A Southern California man convicted of trying to become a fighter for the Islamic State terrorist group was sentenced Monday to 30 years prison.
U.S. District Judge David O. Carter gave the sentence Monday to 25-year-old Nader Elhuzayel of Anaheim.
Carter noted that Elhuzayel has shown no regret for his actions and that his repeated mention of martyrdom in the past makes him "especially dangerous."
"There's no remorse, no repudiation of ISIL, only death and destruction," Carter said.
In June a jury convicted Elhuzayel and co-defendant Muhanad Badawi of conspiracy to aid a foreign terrorist organization after a two-week trial.
Badawi, whose hunger strike and court-ordered force feeding became a side story in the run-up to trial, will be sentenced in October and could get up to 35 years in prison.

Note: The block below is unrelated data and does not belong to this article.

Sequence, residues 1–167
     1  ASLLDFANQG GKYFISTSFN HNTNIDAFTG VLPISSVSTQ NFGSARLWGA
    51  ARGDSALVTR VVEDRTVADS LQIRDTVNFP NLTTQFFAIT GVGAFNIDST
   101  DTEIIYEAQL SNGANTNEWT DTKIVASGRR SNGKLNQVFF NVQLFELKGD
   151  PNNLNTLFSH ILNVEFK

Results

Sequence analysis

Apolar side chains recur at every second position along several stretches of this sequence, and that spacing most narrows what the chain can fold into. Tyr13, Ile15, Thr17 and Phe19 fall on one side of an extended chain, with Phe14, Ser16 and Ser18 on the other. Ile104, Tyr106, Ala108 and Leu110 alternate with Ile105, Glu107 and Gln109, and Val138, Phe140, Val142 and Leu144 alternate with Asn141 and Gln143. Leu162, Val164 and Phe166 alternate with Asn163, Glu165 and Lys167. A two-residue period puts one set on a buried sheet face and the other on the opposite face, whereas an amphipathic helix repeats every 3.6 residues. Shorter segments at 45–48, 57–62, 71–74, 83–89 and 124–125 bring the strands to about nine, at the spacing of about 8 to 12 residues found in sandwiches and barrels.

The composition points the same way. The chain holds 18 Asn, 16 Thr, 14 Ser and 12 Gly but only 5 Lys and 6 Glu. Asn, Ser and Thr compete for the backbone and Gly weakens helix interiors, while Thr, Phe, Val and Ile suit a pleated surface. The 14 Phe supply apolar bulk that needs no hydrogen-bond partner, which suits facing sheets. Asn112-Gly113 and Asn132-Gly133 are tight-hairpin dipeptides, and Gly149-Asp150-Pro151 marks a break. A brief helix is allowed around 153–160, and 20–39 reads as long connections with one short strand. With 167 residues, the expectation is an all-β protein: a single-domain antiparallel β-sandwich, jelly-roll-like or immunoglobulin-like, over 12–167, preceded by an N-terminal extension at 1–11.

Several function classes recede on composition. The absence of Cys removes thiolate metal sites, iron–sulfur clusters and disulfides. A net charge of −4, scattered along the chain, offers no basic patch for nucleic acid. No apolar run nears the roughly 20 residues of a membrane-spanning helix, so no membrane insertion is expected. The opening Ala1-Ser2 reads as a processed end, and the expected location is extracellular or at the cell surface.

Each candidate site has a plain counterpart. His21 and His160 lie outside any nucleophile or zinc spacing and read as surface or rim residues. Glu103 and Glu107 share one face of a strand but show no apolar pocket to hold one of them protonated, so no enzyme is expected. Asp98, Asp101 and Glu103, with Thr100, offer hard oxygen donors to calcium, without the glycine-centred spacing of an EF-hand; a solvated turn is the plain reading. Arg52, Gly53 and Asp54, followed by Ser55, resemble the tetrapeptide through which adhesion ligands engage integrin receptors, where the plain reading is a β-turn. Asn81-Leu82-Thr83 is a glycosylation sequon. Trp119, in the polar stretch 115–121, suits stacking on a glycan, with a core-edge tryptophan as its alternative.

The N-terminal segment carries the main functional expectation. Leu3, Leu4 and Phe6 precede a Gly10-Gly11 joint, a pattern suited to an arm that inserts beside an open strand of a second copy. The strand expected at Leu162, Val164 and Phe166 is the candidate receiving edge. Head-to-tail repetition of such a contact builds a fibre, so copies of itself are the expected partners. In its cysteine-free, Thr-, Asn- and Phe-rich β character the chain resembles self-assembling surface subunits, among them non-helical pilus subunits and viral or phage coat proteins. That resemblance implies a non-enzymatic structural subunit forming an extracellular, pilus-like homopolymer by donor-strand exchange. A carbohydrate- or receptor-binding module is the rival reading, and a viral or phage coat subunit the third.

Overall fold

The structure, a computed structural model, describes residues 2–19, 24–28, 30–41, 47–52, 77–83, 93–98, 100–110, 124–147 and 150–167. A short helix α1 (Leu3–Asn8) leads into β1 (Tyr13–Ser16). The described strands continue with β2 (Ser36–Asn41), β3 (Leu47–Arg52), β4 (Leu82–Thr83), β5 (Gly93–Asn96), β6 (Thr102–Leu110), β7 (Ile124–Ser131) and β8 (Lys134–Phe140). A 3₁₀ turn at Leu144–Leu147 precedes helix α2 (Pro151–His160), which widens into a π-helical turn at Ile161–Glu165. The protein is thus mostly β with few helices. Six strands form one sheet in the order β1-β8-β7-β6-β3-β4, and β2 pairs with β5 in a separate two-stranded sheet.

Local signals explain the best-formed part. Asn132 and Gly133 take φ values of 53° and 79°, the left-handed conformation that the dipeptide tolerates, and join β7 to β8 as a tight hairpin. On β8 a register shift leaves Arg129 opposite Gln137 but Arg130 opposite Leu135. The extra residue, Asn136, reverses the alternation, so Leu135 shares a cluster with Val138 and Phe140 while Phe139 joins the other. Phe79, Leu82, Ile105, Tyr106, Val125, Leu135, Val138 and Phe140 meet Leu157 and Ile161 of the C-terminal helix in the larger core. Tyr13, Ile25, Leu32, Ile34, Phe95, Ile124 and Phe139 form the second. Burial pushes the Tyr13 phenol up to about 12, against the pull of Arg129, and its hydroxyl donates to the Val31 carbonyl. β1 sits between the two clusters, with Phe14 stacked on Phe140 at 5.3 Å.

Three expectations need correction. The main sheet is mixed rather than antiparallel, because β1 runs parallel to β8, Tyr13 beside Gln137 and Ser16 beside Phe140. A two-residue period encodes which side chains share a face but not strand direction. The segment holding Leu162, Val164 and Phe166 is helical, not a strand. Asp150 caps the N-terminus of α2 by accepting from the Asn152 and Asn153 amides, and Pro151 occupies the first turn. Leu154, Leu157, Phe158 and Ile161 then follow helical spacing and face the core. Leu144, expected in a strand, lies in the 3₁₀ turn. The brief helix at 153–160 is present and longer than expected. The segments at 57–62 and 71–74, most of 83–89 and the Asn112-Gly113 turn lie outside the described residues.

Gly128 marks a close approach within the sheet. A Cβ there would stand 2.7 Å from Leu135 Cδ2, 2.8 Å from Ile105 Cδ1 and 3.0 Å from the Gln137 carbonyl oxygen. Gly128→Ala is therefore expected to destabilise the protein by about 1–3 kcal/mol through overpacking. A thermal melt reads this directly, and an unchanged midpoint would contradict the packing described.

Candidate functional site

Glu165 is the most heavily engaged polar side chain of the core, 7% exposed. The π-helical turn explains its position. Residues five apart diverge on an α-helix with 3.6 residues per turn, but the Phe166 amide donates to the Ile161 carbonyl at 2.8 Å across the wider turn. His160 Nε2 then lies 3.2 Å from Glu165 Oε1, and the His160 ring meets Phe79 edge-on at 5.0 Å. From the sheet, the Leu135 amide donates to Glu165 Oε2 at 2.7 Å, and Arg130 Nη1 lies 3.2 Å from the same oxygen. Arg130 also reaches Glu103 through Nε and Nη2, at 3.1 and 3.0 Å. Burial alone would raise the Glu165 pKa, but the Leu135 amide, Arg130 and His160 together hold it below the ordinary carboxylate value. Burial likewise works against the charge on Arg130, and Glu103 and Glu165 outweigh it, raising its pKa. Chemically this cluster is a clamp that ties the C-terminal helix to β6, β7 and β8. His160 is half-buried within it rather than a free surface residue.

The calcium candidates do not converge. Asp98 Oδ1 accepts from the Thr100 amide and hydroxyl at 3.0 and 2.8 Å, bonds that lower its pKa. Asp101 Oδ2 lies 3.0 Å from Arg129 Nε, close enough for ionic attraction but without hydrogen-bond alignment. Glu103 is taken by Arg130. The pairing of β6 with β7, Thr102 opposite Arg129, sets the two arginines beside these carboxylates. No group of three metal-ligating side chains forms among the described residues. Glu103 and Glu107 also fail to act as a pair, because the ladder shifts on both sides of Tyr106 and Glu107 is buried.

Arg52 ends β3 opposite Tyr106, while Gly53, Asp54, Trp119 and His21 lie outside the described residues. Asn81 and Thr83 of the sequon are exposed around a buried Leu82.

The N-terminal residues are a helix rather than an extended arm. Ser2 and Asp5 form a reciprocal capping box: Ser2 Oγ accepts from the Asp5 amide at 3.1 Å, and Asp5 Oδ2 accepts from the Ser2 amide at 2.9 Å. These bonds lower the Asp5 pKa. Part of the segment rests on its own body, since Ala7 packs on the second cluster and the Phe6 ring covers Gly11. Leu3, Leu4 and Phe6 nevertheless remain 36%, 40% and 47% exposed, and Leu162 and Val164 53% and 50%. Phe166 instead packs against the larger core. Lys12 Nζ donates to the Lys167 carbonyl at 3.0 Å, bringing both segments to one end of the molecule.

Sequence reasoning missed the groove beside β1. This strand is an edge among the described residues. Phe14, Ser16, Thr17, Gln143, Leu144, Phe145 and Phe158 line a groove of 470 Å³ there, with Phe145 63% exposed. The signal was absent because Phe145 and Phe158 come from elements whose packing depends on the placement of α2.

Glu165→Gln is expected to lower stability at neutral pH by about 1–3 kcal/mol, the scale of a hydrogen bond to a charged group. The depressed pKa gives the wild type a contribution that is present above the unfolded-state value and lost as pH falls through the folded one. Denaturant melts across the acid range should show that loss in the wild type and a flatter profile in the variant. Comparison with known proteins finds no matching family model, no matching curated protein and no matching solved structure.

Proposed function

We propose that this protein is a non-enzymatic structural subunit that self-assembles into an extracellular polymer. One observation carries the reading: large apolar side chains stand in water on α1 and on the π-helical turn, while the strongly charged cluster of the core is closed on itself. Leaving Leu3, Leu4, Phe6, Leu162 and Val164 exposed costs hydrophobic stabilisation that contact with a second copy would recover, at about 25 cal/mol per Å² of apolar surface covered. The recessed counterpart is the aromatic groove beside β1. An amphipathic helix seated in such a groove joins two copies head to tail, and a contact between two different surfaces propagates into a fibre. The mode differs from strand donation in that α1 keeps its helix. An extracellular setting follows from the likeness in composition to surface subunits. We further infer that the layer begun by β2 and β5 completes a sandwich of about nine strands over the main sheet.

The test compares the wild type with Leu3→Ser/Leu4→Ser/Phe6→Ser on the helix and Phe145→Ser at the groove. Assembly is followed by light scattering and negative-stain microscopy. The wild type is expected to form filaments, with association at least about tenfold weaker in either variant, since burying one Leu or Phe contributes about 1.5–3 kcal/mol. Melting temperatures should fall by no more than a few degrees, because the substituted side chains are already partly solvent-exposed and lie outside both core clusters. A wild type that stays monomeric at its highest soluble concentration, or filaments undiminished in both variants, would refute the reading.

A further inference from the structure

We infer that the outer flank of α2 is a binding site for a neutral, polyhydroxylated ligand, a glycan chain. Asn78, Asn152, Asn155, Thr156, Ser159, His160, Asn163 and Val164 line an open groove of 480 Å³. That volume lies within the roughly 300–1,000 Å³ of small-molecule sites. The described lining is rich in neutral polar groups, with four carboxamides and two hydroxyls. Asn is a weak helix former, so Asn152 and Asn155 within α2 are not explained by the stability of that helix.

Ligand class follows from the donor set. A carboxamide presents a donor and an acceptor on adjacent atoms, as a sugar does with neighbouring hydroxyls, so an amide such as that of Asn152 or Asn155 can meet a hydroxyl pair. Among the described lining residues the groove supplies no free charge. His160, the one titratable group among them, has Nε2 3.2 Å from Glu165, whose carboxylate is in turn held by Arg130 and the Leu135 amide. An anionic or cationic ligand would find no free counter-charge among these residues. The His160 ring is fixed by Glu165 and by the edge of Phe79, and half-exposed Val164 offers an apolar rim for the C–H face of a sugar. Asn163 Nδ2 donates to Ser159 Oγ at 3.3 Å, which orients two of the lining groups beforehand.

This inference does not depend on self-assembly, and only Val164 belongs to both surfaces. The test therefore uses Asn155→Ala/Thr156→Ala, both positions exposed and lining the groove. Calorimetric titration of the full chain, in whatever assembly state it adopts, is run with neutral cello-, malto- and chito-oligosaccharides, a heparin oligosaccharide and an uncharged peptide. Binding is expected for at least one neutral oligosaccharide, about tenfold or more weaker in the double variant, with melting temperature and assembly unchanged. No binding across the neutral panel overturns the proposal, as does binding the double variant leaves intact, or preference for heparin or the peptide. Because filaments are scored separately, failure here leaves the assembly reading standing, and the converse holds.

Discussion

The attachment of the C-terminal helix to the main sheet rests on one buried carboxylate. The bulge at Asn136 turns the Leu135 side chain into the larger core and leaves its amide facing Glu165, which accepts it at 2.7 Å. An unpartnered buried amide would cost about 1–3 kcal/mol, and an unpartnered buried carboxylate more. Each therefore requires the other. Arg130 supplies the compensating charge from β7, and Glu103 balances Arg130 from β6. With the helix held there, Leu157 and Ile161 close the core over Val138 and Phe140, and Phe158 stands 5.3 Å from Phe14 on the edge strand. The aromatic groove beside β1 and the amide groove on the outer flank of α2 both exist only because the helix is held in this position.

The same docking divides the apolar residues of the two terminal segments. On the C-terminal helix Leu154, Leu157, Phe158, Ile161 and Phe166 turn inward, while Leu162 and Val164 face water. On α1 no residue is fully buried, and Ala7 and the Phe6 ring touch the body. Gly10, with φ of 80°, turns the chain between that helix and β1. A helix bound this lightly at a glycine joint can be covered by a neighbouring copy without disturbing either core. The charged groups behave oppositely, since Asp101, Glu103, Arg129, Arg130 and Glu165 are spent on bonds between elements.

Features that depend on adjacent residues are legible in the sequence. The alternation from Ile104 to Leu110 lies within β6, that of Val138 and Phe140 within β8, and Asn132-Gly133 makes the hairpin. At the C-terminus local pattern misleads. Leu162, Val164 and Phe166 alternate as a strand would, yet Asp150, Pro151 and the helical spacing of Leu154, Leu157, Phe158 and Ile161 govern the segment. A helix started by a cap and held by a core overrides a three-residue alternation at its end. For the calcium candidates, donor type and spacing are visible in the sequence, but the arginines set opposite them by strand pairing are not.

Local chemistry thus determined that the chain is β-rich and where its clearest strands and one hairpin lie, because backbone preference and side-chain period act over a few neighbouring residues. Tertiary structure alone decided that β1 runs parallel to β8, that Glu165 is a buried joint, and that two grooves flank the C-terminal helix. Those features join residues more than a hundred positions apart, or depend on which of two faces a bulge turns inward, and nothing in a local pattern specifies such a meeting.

Federal authorities say the two men talked of becoming martyrs and last year concocted a scheme for Elhuzayel to reach Syria.
Prosecutors say Badawi used money from a college grant to help Elhuzayel buy a plane ticket to the Middle East. They also say Elhuzayel got money by depositing stolen checks in his accounts.
Elhuzayel was also convicted of 26 counts of bank fraud.
In addition to the 30 years in prison he'll have to be on supervised release for life if he ever gets out on parole.
Attorneys for both men contended that their comments were offensive but not criminal.
Badawi's attorney, Kate Corrigan, had argued that he never actually intended to fight for the Islamic State but "was a lot of talk and absolutely no action."